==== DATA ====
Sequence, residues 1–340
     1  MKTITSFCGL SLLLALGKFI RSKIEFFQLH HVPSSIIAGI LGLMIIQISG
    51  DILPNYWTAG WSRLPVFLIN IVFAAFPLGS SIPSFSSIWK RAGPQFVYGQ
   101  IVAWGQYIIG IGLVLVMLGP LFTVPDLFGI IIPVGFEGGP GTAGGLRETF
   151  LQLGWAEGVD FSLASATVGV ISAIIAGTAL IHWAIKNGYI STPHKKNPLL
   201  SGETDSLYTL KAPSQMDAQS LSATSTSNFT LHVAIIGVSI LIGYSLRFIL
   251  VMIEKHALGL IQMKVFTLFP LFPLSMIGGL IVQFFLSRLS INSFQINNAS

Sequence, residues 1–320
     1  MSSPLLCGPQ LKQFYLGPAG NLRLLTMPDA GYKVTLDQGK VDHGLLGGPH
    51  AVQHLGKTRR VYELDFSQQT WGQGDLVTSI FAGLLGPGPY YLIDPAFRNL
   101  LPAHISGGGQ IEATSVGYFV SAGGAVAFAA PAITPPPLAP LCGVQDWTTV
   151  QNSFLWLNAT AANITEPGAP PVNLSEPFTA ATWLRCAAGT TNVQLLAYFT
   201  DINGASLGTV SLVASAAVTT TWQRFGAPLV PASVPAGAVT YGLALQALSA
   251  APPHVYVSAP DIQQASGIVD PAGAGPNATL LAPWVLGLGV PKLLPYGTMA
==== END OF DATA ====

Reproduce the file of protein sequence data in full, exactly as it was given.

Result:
Sequence, residues 1–340
     1  MKTITSFCGL SLLLALGKFI RSKIEFFQLH HVPSSIIAGI LGLMIIQISG
    51  DILPNYWTAG WSRLPVFLIN IVFAAFPLGS SIPSFSSIWK RAGPQFVYGQ
   101  IVAWGQYIIG IGLVLVMLGP LFTVPDLFGI IIPVGFEGGP GTAGGLRETF
   151  LQLGWAEGVD FSLASATVGV ISAIIAGTAL IHWAIKNGYI STPHKKNPLL
   201  SGETDSLYTL KAPSQMDAQS LSATSTSNFT LHVAIIGVSI LIGYSLRFIL
   251  VMIEKHALGL IQMKVFTLFP LFPLSMIGGL IVQFFLSRLS INSFQINNAS

Sequence, residues 1–320
     1  MSSPLLCGPQ LKQFYLGPAG NLRLLTMPDA GYKVTLDQGK VDHGLLGGPH
    51  AVQHLGKTRR VYELDFSQQT WGQGDLVTSI FAGLLGPGPY YLIDPAFRNL
   101  LPAHISGGGQ IEATSVGYFV SAGGAVAFAA PAITPPPLAP LCGVQDWTTV
   151  QNSFLWLNAT AANITEPGAP PVNLSEPFTA ATWLRCAAGT TNVQLLAYFT
   201  DINGASLGTV SLVASAAVTT TWQRFGAPLV PASVPAGAVT YGLALQALSA
   251  APPHVYVSAP DIQQASGIVD PAGAGPNATL LAPWVLGLGV PKLLPYGTMA